I don’t know, I don’t compare; it is like having two sons saying how different the one is from each other. They’re different; obviously, the first difference is that it represents Melechesh now. It’s my state of mind as a composer, my skills as a composer now. That’s the main difference, it was recorded with 432 hertz tuning, I used 12 strings in the entire album. That is something I haven’t done before so these are little differences. The songs are very confident – I won’t say more confident, but just as confident. And they sound different – each time there’s something new we offer because we’re moving on, we’re not looking back.
Do you as a musician prefer being in the studio recording new material more than being on the road touring?
I used to love being in the studio building a new song but this experience, the last album, was so exhausting I really do like going on the road. Playing it on stage is really cool and having people relating to the music is gratifying – you feel fulfillness.
Which is the most important step on your career after having released 5 albums and 3 Eps?
Most important step? I don’t know – this is the sixth album now and I think we’re playing all over the place and that’s the strongest thing to do for a band to really be a band, a music band. I think that’s the most important thing and we’re signed on a pretty large label that has a reach to let people hear our music and to get recognition that here’s a band that pretty much invented extreme metal from the Middle East like thrash metal. That’s having a legacy that bands try to copy it – that’s a very big honour.
After all these years of your career is there something you’d like to achieve and haven’t achieved yet?
I like that what we’re doing is kind of like having a legacy, there’s bands in the Middle East acknowledging it. Haven’t achieved it? I think there is something – it’s my own vision of a DVD which is not per se ‘live’ in a concert but more like a jam session in the desert. Try to convince that to the labels – not so easy. So, I’d like ot do that once – I think it’s a very genuine way to look at a band making music. That is the core of making music – jamming. Communicate together with the feelings and just keep on playing without planning it ahead of time.
Very interesting idea, I hope you fulfil this goal.
I’ve bitching about it for a couple of years – trust me. People are like ‘I don’t get it, why?’ and I’m like ‘Because’ – ‘I don’t get it. Why?’ (laughing).
It’s the reincarnation of music for you and the fans…
Yes and it’s ok, you see cameramen, you see whatever so we could talk together in between it’s fine, it’s making music. It’s kind of like having people around in the rehearsal room with us. I say the desert because it looks good but also it’s one of the best studios in the world. The sound doesn’t bounce; it gets absorbed like inside a studio. So, sonically it’s also correct to do it there.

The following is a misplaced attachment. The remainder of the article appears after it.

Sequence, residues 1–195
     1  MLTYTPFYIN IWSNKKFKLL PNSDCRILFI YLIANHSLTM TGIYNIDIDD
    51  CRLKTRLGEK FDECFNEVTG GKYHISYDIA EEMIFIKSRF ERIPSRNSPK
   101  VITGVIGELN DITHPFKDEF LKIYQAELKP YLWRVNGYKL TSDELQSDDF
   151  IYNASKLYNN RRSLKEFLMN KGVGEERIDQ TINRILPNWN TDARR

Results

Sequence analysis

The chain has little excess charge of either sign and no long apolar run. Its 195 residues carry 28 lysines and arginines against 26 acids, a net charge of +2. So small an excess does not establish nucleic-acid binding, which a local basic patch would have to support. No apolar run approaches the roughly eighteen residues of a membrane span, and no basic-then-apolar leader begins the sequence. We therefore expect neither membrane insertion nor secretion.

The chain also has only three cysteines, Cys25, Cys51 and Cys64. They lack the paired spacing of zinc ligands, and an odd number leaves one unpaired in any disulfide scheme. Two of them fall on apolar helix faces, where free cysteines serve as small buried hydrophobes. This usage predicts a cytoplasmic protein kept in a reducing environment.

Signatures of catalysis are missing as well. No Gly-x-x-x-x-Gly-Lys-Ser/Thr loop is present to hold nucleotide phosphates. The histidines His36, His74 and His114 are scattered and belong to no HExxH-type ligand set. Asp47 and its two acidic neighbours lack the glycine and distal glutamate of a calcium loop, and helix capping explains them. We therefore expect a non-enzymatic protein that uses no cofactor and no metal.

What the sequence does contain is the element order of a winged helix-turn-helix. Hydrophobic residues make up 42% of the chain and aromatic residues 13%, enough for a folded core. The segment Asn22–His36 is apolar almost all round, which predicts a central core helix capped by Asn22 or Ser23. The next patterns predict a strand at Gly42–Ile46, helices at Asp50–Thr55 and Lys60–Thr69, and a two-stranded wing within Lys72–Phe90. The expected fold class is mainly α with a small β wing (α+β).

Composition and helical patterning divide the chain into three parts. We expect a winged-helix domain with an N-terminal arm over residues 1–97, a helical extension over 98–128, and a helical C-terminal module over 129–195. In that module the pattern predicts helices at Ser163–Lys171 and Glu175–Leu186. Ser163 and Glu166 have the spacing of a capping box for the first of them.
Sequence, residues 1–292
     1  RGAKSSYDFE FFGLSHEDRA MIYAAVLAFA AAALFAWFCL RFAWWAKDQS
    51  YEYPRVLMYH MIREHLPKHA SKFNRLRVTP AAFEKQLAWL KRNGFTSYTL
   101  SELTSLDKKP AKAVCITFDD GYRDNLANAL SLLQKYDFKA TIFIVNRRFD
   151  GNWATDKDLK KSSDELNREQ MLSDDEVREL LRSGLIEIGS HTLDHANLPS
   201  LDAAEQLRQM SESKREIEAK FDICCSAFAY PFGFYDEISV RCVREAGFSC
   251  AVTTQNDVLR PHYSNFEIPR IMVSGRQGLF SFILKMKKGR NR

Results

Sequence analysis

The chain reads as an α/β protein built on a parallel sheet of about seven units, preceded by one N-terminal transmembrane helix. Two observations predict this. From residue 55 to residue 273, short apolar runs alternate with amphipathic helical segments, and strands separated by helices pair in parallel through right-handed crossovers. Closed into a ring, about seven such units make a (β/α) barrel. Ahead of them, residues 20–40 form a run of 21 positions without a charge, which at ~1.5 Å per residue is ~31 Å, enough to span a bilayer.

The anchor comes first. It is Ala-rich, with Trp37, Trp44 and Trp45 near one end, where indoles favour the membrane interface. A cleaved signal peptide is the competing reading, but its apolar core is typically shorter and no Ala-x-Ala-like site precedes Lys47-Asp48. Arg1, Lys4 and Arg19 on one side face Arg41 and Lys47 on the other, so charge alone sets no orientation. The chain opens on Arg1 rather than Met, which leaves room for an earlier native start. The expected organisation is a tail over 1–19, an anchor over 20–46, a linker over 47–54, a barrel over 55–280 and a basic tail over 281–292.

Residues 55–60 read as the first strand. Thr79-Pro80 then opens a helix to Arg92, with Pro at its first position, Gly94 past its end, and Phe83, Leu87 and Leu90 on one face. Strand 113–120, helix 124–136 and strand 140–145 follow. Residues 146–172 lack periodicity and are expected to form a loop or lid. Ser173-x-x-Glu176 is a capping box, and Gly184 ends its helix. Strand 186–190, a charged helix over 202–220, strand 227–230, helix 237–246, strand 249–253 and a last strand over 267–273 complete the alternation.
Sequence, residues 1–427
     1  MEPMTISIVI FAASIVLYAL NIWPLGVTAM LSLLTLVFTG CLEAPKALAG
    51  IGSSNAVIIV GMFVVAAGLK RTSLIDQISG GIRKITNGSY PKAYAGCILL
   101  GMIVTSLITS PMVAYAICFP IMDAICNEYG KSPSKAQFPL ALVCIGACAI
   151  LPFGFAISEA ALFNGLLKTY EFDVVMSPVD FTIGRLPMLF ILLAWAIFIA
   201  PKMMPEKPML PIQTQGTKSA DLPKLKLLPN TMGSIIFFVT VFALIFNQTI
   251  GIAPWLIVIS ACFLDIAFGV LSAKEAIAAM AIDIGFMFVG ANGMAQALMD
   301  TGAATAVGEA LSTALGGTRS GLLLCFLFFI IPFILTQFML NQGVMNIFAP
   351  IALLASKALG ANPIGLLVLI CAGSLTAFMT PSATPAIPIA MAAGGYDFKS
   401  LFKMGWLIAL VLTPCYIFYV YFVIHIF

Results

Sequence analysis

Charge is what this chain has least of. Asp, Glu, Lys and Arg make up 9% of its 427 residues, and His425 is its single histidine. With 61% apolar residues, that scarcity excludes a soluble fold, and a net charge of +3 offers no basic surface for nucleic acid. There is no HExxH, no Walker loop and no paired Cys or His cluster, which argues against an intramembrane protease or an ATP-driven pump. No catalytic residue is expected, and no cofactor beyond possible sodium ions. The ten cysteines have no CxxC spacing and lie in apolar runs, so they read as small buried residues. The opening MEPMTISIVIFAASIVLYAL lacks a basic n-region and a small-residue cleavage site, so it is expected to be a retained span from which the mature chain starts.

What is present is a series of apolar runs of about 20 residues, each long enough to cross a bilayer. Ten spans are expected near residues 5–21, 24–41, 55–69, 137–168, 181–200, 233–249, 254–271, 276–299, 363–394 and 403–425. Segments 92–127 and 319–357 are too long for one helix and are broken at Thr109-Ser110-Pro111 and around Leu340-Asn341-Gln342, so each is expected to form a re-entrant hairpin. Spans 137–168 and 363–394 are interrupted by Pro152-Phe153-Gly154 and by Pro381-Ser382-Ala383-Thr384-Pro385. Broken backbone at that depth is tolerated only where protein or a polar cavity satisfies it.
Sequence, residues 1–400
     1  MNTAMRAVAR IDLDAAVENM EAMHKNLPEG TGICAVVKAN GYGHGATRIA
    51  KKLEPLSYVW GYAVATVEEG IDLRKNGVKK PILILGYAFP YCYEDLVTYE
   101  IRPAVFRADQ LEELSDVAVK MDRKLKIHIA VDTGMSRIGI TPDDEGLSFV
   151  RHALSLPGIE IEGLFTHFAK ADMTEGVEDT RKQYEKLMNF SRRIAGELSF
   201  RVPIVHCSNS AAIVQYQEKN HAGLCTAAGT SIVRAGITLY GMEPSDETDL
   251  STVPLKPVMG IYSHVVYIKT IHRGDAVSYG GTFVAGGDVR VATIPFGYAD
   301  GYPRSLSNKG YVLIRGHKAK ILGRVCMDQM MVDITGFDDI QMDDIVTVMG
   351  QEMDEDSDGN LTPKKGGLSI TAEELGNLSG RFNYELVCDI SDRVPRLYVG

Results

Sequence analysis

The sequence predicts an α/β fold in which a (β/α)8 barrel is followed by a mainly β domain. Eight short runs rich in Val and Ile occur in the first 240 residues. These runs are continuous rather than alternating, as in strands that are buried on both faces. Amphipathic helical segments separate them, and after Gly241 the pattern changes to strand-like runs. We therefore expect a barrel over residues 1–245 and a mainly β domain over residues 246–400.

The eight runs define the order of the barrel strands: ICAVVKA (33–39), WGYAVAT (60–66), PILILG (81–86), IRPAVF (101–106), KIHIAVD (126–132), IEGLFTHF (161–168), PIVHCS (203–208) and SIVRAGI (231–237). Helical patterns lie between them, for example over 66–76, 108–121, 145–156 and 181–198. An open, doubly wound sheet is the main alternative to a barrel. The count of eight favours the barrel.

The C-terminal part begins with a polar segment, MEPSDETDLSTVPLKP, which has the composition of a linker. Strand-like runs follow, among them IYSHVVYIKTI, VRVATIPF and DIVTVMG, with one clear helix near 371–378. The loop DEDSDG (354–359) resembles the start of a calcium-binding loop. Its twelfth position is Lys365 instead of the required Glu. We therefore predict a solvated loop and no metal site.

That’s a really good idea, I would really like to see something like that.
I’d like to do it as well.
In Greece, last time you played, you played in Thessaloniki along with Nile. I think it was 2011.
Yes but we were there in 2012 with Keep of Kalessin and Samael also.
What were your feeling when playing for the Greek audience?
Good because they are warm to us – they like us (laughing). I like people when they like us (laughing again). It was really cool, you know, you’re all over in Europe and then you come to Greece and I start having this association of home and that kind of stuff so I felt good being there. The weather was good and people were enthusiastic in the concert and that’s very important. So, I felt fantastic, I loved it and when we came back again, the same thing happened so definitely it’s a great feeling and I just hope we do Athens once also.
Any plans for coming back? This time for a live concert after last summer?
I don’t know. I mean in May we have a tour but I don’t know the routing of the tour yet. We’re going to tour for the whole month – I sincerely hope we will go to Greece and if not, then some Greek booker would better get on their a*s and book us to come to play, you know? Not one-off show, I hope we come with the tour bus to do Athens and Thessaloniki but I can’t promise because I don’t control these things. I tell my booking agent and they agree with me but they have got to make sense with the routing of the bus and stuff like that. If the bus is in Portugal, you cannot play in Athens the next day.
Any future plans in general? How would you think of the future of the band, of yourself maybe?
My self and the band are tied together because I’m a slave for it. Everything I plan in my life is for the band. It’s my full time job. I have a master’s degree in Business but I don’t use it because all I do is Melechesh at the moment. All I plan is travelling the world and touring; we have a lot of festivals and offers and when I don’t, I like to visit my family in Jerusalem or my friends in California and family there too. I’ll follow the sun or maybe in Greece as well, I don’t know. So, the plans are really lots of touring because now we’re negotiating American, Canadian tour, the South American tour and there will be a lot of touring. In the last album, we did 8 tours; I hope we’ll do just as much for this album.
I really hope so for you and the band. That was it. If you want something to add.
Efharisto poli malaka (laughs).